TWO THOUSAND FIFTEEN has been the most exciting year of my entire life. In May, I got married, and just a few months later, I moved from San Diego to southern Oregon to become the owner of a multidisciplinary clinic. While writing this, I have been in my new practice for only two weeks. For those of you considering taking the leap from associate to business owner, here are what I perceive to be the most important factors in my success thus far:
1) Take advantage of your time as an associate.
I thank the staff of PainCare of San Diego for teaching and mentoring me during my time with them. I know that as an associate, it can be easy to immerse oneself in the clinical aspect of practice and leave business management to the owner. Learning as much as you can about the business processes (e.g., billing, marketing and office management) as an associate will help you when it’s time for your transition into your new role as owner or partner.
2) Hold out for the right situation.
Don’t delay jumping in if you find a great opportunity that could disappear by waiting for the right time. Conversely, don’t try to make the wrong situation fit, just because the timing is right for you. Perfect timing rarely exists.
3) Opt for a slow transition (if possible).
I won the jackpot when it comes to my new clinic’s former owner. He is an incredibly skilled clinician, ethical and beloved by the community. I am fortunate that he is going to continue practicing within the clinic and is mentoring me during my transition. News of an ownership change can spook longtime patients and community members who know the doctor. Don’t underestimate how quickly news spreads in a small town.
We have elected to delay any name changes, rebranding and any other large structural changes until after we have had a chance to meet more of the members of our community together and let them know about the transition. The patients and staff have been reassured by this slow and steady approach to our transition.
4) Prioritize updating of processes with legal ramifications.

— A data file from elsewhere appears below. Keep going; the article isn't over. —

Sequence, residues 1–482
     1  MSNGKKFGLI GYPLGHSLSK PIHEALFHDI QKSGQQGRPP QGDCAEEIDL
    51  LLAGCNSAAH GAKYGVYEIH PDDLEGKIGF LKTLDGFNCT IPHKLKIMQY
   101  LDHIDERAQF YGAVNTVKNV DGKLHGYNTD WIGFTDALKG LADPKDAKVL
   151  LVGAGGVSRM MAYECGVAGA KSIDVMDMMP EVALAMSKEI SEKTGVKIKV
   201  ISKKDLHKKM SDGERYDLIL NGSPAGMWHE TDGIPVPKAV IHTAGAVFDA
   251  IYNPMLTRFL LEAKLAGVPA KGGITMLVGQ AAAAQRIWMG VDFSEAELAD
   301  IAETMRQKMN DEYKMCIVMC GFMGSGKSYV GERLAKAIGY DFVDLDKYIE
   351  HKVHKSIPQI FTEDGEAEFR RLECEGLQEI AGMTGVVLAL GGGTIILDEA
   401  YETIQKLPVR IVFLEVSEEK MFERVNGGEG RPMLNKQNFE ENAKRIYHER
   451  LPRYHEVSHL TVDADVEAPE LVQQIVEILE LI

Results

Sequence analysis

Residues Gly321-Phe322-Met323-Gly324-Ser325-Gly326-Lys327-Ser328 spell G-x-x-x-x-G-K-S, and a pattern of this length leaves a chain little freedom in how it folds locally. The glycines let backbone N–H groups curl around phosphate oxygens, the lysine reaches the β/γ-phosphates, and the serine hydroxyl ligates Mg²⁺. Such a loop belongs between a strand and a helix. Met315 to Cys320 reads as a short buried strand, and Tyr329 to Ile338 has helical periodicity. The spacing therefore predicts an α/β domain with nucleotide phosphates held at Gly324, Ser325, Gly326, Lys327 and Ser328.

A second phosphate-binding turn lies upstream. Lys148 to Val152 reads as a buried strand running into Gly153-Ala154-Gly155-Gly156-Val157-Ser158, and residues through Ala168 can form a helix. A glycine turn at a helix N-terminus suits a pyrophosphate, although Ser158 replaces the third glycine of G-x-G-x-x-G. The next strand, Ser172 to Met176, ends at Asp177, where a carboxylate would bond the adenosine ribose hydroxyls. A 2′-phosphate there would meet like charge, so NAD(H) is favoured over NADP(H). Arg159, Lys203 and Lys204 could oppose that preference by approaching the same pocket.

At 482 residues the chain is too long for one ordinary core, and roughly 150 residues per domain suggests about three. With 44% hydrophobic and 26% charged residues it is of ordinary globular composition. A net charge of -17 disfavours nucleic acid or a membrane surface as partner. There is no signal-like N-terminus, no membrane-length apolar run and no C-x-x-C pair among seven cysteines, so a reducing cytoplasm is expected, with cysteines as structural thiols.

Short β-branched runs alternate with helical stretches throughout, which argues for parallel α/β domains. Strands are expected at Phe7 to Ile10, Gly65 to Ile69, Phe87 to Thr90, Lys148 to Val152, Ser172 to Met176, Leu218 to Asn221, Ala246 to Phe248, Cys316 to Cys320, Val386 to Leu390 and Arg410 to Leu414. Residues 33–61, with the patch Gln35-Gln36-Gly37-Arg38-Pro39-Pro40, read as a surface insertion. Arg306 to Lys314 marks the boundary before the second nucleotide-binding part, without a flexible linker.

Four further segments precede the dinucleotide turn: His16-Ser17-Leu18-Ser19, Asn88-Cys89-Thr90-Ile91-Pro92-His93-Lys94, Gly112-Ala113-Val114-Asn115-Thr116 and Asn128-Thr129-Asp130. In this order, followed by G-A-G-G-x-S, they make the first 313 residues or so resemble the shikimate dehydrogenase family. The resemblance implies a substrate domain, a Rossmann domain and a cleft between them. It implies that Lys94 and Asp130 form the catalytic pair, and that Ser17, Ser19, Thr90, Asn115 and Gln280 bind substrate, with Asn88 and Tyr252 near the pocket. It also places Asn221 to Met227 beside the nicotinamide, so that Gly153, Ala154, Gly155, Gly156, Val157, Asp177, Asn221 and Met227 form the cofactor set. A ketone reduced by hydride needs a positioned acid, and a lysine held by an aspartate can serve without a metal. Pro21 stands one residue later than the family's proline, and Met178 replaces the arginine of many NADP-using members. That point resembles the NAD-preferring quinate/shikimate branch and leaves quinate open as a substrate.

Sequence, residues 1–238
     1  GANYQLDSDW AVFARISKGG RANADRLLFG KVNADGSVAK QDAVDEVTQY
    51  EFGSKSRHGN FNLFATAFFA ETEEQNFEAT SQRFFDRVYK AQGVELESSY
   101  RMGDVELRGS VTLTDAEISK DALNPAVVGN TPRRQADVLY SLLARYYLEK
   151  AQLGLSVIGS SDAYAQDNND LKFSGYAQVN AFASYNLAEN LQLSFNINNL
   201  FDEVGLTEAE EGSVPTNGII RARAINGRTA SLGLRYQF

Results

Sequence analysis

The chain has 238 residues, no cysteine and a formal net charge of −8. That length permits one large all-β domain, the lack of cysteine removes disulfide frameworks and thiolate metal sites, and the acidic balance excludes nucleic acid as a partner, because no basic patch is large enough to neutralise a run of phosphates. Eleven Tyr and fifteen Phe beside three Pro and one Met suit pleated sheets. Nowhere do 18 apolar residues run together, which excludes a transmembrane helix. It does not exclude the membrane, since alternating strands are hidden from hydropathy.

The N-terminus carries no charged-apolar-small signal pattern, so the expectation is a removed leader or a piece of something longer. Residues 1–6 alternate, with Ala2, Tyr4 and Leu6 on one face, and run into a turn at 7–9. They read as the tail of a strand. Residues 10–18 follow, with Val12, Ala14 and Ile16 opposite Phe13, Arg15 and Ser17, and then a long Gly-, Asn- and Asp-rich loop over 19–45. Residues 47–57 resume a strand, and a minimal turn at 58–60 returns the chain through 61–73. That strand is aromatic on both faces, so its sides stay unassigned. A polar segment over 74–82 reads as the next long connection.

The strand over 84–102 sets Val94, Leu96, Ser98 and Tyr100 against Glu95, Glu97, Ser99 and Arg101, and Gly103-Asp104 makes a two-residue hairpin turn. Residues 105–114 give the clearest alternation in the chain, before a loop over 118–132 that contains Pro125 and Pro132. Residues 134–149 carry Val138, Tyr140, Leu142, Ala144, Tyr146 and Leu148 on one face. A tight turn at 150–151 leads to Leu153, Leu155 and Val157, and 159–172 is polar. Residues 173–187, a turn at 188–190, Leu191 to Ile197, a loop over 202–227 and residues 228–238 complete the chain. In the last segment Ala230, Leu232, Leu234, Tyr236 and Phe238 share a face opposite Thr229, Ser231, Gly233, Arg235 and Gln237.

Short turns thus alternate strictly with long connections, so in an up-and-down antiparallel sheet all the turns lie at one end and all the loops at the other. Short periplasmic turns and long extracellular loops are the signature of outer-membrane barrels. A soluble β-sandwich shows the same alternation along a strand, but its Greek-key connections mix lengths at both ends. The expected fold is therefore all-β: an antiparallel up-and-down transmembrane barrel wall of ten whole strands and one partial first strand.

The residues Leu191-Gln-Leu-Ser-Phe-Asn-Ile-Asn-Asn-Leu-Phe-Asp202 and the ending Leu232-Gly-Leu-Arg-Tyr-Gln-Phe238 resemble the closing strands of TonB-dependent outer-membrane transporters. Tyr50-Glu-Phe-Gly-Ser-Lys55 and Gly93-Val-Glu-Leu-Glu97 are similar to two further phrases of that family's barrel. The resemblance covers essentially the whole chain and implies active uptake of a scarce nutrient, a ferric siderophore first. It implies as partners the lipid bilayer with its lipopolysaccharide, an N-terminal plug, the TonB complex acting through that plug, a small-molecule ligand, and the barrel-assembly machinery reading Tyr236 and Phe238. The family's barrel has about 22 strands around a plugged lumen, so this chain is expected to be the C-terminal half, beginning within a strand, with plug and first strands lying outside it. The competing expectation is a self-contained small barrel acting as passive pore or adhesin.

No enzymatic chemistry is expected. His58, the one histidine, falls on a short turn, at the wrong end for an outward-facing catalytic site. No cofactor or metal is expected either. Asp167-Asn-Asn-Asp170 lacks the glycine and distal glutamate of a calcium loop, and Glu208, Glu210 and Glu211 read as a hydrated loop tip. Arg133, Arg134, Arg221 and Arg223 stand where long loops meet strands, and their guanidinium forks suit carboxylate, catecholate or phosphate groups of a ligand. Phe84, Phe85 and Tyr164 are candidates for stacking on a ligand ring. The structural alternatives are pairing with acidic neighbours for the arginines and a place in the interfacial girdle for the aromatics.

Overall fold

Your liability as a practitioner and a business owner begins day one, so you cannot afford to push this item to the bottom of your lengthy to-do list. At the top of my priority list was updating HIPAA, informed consent and employment paperwork. Luckily, these changes were fairly quick and easy to implement with the tools available to ACA members on the www.acatoday.org website. Again, learning what a business owner thinks about as an associate helped me be prepared in my first weeks as a new owner.
5) Build a team of professionals early on.
Becoming a business owner and buying a practice require a lot of paperwork and transactions. Build a skilled, reliable and trustworthy network of professionals, including a lawyer, accountant, bookkeeper and business banker to make sure your transition is smooth and covered from start to finish. If you work with these professionals from the beginning, your systems, payroll and contracts will be set up efficiently, lawfully and correctly.
Resist the temptation to skimp on these services to save on costs as a new business owner. A little investment up-front will save you time and frustration. Know where your expertise is and is not. Too many doctors attempt “DIY” tasks that should be handled by professionals. An additional bonus of delegating to your team is the time you will have to focus on patient care, practice building and integrating yourself into your new community and office.
Finally, I must acknowledge how vital the support and love of family and friends have been to the success of this exciting new chapter in my life. They are truly my secret weapon in achieving my goals.
Have You Taken the Leap?
If you are in the process of, or have recently transitioned from, being an associate to a business owner, I would like to hear feedback about your experience. What has worked well? What have your challenges been so far? Let ACA know at firstname.lastname@example.org.
Heidi Henson, DC, is editorial contributor for DC Aligned, powered by MeyerDC. Dr. Henson is a 2013 graduate of Northwestern Health Sciences University and is the owner of Southern Oregon Spine + Rehab in Central Point, Oregon. www.sospineandrehab.com